5. As An Alien Feels
Twenty-five years ago I knew but dimly that the United States existed. My first dream of it came, as well as I remember, from the strange gay flag that blew above a circus tent on the Fair Green. It was a Wild West Show, and for years I associated America with the intoxication of the circus and, for no reason, with the tang of oranges. "Two a penny, two a penny, large penny oranges! Buy away an' ate away, large penny oranges!" They were oranges from Seville then, but the odor of them and the fumes of circus excitement gave me a first gay ribald sense of the United States.
The next allied sense was gathered from a scallawag uncle. He had sought his fortune in America-sought it, as I infer now, on the rear end of a horse-car. When he came home he was full of odd and delicious oaths. "Gosh hell hang it" was his chief touch of American culture. He was a "Yank" in local parlance, a frequently drunken Yank. His fine drooping mustache too often drooped with porter. Once, a boy of nine, I steadied him home under the October stars and absorbed a long alcoholic reverie on the Horseshoe Falls. As we slept together that night in the rat-pattering loft, and as he absently appropriated all the horse-blanket, I had plenty of chance to shiver over the wonderments of the Horseshoe Falls.
This, with an instilled idea that America and America alone could offer "work," foreshadowed the American landscape. It is the bald hope of work that finally magnetizes us hither. But every dream and every loyalty was with the unhappy land from which I came.
For many months the music of New York harbor spoke only of home. Every outgoing steamer that opened its throat made me homesick. America was New York, and New York was down town, and down town was a vortex of new duties. There I learned the bewildering foreign tongue of earning a living, and the art of eating at Childs'. At night the hall-bedroom near Broadway, and the resourceless promenade up and down Broadway for amusement. The only women to say "dear," the women who say it on the street.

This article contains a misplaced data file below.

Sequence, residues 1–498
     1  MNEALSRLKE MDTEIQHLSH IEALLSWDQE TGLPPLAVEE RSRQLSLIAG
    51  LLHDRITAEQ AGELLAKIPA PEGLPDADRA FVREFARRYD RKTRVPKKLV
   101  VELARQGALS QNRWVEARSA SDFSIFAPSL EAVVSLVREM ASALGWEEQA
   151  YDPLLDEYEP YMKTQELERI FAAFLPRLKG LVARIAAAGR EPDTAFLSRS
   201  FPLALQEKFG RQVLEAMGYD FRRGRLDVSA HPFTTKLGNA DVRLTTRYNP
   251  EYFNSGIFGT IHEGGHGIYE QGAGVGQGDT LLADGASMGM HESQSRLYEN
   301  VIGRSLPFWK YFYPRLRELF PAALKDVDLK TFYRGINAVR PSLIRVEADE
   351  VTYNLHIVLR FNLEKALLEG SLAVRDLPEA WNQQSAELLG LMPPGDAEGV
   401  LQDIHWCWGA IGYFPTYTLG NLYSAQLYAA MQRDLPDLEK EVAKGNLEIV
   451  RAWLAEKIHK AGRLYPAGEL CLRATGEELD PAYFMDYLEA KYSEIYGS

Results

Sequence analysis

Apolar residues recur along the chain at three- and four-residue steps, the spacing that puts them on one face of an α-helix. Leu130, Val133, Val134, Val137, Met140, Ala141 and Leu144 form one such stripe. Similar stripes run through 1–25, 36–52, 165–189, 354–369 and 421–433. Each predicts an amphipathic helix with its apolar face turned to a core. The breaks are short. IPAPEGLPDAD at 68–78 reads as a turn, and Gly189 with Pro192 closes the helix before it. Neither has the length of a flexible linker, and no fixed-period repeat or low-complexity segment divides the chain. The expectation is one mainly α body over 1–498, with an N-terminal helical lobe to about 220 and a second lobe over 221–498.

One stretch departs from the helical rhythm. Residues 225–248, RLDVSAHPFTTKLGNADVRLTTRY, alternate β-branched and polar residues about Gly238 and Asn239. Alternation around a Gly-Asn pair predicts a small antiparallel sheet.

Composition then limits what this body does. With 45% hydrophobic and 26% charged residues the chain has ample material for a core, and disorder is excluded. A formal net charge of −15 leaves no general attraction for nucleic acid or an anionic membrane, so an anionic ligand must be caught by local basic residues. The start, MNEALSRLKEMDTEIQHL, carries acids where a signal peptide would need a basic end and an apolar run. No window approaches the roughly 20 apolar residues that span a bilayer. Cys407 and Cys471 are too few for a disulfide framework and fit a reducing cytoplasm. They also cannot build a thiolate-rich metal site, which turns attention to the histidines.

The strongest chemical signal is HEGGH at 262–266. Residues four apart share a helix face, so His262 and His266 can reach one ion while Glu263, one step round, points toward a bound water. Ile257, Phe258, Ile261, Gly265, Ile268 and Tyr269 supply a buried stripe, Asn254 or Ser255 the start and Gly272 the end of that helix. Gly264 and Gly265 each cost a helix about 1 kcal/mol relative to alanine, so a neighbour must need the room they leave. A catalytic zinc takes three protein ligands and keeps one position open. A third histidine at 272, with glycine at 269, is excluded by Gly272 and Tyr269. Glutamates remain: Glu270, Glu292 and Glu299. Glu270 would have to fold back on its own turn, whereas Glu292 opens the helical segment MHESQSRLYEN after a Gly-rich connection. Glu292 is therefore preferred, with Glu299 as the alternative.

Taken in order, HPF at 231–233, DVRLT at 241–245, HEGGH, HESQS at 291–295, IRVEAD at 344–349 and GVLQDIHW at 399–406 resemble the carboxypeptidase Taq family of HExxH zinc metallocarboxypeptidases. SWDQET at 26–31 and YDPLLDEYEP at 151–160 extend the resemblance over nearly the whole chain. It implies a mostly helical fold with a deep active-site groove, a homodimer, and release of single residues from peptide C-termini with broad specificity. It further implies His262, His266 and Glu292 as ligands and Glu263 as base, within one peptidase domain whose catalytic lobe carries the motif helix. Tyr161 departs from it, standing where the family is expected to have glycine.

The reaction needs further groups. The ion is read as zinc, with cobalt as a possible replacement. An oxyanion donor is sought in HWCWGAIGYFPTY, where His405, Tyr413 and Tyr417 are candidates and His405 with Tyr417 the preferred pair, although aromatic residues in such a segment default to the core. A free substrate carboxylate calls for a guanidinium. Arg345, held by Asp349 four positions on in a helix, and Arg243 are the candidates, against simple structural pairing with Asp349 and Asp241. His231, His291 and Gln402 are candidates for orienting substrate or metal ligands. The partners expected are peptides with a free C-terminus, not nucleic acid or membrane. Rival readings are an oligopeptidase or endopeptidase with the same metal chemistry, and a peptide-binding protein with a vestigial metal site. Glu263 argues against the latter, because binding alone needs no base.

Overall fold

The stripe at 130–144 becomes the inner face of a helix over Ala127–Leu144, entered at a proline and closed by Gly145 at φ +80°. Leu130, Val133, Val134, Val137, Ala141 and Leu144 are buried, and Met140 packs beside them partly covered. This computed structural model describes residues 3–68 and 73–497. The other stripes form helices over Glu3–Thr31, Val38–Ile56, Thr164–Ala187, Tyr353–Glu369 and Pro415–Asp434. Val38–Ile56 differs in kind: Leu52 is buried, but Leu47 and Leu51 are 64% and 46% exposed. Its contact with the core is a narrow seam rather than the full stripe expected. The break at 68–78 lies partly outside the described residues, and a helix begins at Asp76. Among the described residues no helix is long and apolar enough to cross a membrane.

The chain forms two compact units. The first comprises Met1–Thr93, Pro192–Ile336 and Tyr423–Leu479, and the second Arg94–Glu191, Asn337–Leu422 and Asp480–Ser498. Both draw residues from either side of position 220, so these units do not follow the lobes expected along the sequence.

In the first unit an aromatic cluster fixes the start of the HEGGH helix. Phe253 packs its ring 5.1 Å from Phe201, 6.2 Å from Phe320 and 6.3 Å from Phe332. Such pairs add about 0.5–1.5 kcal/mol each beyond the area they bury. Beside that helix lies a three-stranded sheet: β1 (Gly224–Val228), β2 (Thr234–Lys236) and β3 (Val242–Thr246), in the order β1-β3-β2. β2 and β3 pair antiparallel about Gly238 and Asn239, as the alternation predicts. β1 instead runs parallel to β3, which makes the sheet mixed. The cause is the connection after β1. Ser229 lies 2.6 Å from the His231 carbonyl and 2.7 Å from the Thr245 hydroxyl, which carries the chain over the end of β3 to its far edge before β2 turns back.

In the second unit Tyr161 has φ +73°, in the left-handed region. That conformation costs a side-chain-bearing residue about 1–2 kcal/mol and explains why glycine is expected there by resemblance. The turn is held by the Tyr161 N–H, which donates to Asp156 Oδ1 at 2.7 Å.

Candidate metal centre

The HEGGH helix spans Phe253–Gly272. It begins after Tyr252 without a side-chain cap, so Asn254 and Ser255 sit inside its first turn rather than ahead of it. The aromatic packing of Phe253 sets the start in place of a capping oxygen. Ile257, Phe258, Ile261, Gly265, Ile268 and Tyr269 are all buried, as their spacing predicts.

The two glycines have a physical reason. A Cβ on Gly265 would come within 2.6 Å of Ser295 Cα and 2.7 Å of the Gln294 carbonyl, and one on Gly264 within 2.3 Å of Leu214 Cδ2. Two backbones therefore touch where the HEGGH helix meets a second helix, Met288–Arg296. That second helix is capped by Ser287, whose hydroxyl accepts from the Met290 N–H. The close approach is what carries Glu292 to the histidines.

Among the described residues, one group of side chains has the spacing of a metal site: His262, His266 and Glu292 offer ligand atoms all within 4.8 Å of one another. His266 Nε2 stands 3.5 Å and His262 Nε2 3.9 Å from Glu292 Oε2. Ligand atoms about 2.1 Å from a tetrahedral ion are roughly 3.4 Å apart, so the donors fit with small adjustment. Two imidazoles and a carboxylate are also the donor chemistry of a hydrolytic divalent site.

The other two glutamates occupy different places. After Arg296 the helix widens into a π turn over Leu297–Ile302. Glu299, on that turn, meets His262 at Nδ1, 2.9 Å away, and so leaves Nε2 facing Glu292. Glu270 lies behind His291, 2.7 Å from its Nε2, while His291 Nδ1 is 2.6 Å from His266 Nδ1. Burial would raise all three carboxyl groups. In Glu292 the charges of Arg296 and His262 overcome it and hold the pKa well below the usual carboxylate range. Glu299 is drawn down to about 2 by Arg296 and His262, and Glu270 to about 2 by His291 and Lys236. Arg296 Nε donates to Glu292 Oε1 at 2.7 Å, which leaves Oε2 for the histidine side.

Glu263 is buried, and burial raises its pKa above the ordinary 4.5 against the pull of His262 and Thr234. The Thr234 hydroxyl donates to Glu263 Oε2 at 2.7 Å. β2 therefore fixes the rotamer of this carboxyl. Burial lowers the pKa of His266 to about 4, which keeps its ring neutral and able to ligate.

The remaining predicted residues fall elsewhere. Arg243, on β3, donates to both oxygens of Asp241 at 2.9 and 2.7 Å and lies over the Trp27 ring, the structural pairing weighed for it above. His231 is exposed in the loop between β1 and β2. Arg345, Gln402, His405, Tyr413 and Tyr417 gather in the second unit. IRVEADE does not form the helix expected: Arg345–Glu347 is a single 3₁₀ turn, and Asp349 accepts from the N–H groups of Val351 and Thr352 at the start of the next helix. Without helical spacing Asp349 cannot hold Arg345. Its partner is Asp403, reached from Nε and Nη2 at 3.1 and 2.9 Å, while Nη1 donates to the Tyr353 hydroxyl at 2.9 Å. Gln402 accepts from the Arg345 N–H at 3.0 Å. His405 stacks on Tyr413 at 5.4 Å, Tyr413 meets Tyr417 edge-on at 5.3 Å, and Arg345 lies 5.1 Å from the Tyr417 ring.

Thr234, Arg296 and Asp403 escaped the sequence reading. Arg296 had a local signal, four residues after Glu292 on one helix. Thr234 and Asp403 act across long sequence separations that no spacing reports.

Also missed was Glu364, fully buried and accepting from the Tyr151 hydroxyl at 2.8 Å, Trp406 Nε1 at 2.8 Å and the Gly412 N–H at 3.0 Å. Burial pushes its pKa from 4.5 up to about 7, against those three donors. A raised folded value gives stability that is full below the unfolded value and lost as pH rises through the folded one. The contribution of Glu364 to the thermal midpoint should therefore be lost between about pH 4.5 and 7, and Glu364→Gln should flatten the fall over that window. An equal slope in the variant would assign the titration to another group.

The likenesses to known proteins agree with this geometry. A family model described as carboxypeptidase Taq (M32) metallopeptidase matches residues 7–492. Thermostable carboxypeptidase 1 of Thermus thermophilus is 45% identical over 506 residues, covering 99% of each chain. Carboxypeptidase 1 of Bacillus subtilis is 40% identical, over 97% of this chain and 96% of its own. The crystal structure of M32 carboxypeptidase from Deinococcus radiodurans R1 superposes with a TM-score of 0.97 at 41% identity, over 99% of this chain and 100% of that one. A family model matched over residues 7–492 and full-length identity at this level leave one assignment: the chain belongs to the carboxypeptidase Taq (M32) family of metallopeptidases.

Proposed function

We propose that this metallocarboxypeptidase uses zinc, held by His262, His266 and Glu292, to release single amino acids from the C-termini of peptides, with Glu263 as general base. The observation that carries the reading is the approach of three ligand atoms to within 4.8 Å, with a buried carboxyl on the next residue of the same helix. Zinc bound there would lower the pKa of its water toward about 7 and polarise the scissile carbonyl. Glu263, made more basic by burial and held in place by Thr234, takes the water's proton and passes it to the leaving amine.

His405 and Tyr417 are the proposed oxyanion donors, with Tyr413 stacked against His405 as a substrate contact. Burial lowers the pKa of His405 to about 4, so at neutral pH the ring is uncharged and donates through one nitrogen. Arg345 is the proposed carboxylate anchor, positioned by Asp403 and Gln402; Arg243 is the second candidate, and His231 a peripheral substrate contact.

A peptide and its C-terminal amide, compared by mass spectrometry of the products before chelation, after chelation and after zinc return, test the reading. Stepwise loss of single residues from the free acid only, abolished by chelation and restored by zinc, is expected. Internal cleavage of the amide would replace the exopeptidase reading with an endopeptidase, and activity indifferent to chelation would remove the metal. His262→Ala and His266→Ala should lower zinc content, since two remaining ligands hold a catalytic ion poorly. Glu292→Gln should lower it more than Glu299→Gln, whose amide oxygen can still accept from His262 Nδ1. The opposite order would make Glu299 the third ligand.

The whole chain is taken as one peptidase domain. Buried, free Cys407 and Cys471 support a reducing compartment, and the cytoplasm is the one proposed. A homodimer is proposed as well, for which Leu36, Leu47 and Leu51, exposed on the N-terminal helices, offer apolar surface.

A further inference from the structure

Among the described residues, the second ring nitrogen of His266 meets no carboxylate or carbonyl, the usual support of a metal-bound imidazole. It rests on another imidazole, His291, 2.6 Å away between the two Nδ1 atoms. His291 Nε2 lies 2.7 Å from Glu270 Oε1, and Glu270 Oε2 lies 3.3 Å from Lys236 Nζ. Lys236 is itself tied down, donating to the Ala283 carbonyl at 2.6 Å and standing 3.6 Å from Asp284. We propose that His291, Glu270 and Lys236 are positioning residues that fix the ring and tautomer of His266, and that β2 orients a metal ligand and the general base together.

In Chicago, not in New York, I found the United States. The word "settlement" gave me my first puzzled intimation that there was somewhere a clew to this grim struggle down town. I had looked for it in boarding-houses. I had looked for it in stenographic night-schools. I had sought it in the blotchy Sunday newspaper, in Coney Island, in long jaunts up the Palisades. I had looked for it among the street-walkers, the first to proffer intimacy. And of course, not being clever enough, I had overlooked it. But in Chicago, as I say, I came on it at home.
America dawned for me in a social settlement. It dawned for me as a civilization and a faith. In all my first experiences of my employers I got not one glimpse of American civilization. Theirs was the language of smartness, alertness, brightness, success, efficiency, and I tried to learn it, but it was a difficult and alien tongue. Some of them were lawyers, but they were interested in penmanship and ability to clean ink-bottles. Some of them were business men, but they were interested in ability to typewrite and to keep the petty cash. It was not their fault. Ours was not an affair of the heart. But if it had not been for the social settlement, I should still be an alien to the bone.